Question: If you believe Jesus went to America because he died for them just as much as Peter or Mary, as you said in another post, why did he not visit every place on Earth?
One of the “why not?” reasons Mormons often give in support of our unique belief that Jesus visited the American continent after his resurrection is that Jesus loves everyone, and died for everyone, so it’s not unreasonable to think He might choose to visit other groups of his children. But, as you point out, if Jesus’ loving people were a sufficient reason for Jesus to personally visit them, then He would have visited every person on earth in every place. So the question is: why did Jesus choose the Nephites of the Book of Mormon, and did he choose to visit anywhere else?
The Book of Mormon has the answers, given by Jesus himself in the book of 3 Nephi, chapter 15. We learn that Jesus visited the Nephites because they were a branch of the House of Israel, led away from Palestine by God, and his visitation was part of a fulfillment of his covenant with the House of Israel. He also explains that the “gentiles” (those who are not of the House of Israel), will receive the gospel through the preaching of his apostles rather than through a personal apperanace. We also learn that there were other groups of the House of Israel scattered throughout the world, and in chapter 16, Jesus explains that he will visit them too:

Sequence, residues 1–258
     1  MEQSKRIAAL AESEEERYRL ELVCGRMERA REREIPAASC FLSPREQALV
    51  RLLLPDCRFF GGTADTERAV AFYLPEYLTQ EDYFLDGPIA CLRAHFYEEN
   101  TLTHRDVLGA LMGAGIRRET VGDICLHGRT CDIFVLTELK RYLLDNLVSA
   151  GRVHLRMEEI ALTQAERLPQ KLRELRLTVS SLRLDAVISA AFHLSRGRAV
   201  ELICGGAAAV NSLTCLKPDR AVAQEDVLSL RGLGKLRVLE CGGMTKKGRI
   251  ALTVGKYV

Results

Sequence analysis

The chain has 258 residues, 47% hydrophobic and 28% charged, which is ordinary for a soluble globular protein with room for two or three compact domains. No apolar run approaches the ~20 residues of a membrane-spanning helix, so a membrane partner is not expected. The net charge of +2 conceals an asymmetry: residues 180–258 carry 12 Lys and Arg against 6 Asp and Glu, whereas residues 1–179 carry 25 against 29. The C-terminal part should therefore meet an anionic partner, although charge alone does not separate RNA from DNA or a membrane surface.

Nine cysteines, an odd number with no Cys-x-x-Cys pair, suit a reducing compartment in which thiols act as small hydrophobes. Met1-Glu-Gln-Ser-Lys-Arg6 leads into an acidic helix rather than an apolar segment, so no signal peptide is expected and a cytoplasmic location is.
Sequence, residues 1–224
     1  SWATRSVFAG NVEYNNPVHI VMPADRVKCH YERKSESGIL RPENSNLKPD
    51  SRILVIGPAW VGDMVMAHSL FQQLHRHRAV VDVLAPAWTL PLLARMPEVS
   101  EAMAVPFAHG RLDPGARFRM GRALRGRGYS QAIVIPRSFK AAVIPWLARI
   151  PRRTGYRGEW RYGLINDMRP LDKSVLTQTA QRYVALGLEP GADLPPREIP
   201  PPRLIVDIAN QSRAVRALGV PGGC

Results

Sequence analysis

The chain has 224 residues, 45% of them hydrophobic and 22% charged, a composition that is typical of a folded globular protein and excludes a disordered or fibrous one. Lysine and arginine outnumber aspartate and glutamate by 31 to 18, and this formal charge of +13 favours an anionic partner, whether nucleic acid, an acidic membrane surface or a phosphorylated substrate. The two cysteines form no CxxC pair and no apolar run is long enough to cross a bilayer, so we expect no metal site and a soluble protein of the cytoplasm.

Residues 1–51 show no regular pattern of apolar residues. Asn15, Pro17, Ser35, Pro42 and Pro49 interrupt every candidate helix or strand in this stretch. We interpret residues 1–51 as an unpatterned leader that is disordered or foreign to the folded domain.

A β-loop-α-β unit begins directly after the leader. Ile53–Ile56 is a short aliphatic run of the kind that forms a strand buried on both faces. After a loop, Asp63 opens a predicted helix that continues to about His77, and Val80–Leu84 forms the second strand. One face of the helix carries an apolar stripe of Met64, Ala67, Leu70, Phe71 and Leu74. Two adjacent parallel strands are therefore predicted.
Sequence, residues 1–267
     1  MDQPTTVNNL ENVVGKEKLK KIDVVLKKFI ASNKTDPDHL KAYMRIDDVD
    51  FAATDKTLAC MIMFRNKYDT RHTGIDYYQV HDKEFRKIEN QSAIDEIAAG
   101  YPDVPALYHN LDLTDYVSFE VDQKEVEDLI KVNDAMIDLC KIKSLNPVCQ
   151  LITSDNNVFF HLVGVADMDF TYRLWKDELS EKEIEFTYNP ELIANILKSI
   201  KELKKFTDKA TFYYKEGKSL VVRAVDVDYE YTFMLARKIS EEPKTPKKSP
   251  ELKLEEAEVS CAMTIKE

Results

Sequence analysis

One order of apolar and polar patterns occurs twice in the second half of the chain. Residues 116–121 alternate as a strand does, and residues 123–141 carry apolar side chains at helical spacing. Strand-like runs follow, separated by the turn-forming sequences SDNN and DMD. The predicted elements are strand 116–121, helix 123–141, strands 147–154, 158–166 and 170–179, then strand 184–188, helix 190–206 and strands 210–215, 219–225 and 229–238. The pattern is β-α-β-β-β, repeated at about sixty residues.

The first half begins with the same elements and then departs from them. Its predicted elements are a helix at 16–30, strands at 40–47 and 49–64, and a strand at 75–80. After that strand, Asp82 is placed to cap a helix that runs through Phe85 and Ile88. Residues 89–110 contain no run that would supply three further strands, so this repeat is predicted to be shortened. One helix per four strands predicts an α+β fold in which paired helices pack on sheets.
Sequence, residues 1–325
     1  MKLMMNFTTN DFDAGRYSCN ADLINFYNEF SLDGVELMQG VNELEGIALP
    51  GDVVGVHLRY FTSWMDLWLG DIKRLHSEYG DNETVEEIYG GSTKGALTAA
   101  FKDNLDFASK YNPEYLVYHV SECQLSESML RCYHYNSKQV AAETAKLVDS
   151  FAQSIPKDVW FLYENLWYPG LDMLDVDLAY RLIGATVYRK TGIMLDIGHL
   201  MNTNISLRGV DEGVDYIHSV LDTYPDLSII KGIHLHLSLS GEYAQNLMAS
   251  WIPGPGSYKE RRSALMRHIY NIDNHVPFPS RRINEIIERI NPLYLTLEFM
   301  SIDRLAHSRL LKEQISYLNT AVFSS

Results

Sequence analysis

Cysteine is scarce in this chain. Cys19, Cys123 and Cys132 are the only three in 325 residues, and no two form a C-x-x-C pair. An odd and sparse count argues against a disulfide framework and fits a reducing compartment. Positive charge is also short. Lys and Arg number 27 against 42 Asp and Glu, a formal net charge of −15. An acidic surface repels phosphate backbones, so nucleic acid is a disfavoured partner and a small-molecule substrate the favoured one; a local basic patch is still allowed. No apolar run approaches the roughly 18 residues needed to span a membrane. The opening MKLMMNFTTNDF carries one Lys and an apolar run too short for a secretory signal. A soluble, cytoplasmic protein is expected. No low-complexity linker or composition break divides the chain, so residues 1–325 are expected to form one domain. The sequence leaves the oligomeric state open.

1 And verily, verily, I say unto you that I have other sheep, which are not of this land, neither of the land of Jerusalem, neither in any parts of that land round about whither I have been to minister.
3 But I have received a commandment of the Father that I shall go unto them, and that they shall hear my voice, and shall be numbered among my sheep, that there may be one fold and one shepherd; therefore I go to show myself unto them.
The obvious next question is: if the Bible is from Palestine, and the Book of Mormon is from America, are there records of Jesus’ other personal appearances? The answer is: we don’t know. If so, God has not revealed them. One thing that makes Mormonism very unique among religions is that our canon is not closed– we expect that God is not done talking to his children.